- Rob Gronkowski and Aaron Hernandez each caught 40+ passes and combined for 16 TDs. In camp this year Gronkowski has looked dominant, and Hernandez - while not as consistent - is arguably the best athlete in the receiving corps
- Brandon Tate (18 yards per reception) flashed last season and might start for a number of NFL teams if given the chance
- Taylor Price basically red shirted his rookie season, but has looked great this preseason
- New England has five legitimate tailbacks on the roster (BenJarvus Green-Ellis, Danny Woodhead, Sammy Morris, Shane Vereen and Stevan Ridley)
- AND THEN THERE'S OCHOCINCO
My hope is that Ochocinco steps into the starting lineup and becomes the team's second most targeted option. But we're too early in the preseason to see evidence in support (or contrast) of my belief. Tom Brady is saying all the right things. The coaches are speaking well of Chad, and he's looking the part in camp. But beyond that, we're just banking on logic and instinct.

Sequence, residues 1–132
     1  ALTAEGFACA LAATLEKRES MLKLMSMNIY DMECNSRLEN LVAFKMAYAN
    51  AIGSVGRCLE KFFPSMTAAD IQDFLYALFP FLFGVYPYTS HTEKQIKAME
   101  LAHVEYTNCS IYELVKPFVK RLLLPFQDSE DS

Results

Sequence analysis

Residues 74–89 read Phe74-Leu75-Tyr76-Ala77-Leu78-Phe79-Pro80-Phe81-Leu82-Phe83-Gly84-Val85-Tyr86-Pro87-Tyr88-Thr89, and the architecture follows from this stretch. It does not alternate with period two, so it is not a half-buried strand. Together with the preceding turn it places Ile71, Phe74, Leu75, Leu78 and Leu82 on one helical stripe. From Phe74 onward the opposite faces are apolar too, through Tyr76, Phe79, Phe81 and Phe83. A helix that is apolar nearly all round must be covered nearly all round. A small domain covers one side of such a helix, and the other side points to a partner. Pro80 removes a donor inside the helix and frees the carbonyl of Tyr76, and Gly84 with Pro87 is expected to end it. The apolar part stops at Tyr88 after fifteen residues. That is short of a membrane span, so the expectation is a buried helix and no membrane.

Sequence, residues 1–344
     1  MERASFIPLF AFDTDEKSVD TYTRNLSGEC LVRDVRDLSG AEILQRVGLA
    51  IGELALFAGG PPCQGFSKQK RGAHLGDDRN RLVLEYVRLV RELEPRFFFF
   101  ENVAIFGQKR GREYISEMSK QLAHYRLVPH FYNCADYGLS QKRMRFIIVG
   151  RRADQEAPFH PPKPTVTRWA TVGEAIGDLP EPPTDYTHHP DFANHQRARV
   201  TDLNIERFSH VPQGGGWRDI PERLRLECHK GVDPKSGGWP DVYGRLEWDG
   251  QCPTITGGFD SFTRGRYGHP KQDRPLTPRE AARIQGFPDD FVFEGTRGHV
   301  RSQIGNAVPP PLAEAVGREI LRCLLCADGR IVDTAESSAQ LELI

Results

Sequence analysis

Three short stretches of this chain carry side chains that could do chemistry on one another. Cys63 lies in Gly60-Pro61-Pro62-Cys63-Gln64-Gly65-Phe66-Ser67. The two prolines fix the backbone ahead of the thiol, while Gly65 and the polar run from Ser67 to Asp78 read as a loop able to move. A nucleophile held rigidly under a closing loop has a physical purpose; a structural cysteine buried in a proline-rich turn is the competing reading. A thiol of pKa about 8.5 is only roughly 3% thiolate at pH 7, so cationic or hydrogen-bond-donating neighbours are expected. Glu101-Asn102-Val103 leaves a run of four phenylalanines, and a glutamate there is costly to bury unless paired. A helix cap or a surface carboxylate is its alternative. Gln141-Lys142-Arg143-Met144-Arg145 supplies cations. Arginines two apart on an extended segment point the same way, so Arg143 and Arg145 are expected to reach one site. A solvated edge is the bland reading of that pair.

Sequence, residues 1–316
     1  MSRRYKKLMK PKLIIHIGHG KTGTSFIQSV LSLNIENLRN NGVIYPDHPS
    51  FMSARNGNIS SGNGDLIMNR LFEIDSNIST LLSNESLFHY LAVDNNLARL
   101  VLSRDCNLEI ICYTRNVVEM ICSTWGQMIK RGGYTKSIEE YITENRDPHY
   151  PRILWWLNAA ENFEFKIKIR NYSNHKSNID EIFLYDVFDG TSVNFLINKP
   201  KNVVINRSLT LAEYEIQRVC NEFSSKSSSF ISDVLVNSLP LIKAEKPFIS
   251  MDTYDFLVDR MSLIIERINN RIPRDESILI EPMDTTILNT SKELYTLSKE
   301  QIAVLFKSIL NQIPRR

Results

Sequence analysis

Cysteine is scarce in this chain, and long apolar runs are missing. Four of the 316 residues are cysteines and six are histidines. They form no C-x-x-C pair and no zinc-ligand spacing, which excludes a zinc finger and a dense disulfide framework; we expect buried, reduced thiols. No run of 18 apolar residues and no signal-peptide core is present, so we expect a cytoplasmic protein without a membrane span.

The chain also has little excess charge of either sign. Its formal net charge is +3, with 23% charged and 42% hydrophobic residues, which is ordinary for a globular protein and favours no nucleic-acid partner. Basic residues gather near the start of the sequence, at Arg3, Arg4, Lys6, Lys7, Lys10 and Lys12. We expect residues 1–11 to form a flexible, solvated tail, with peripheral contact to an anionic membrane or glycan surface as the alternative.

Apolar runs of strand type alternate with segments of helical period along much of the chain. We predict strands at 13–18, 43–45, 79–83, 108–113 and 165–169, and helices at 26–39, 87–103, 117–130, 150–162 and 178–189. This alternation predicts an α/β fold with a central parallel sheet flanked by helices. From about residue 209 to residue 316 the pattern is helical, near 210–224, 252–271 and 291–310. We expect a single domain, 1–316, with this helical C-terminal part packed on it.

A Precedent for Redemption
Betting on Ochocinco's resurgence is hardly a long shot, based on the Patriots own history. Corey Dillon (another disgruntled Bengal) came to New England and was incredibly productive - playing a key role in the Patriots last Super Bowl title. And of course there was the case of Randy Moss. Moss had become a complete bust in Oakland, and the opportunity to play for a winner led to a multi-year run that re-established Moss on the path toward a 1st ballot Hall of Fame nod. Does that guarantee things will work out for Ochocinco in New England? No, but it gives me enough confidence to roll the dice.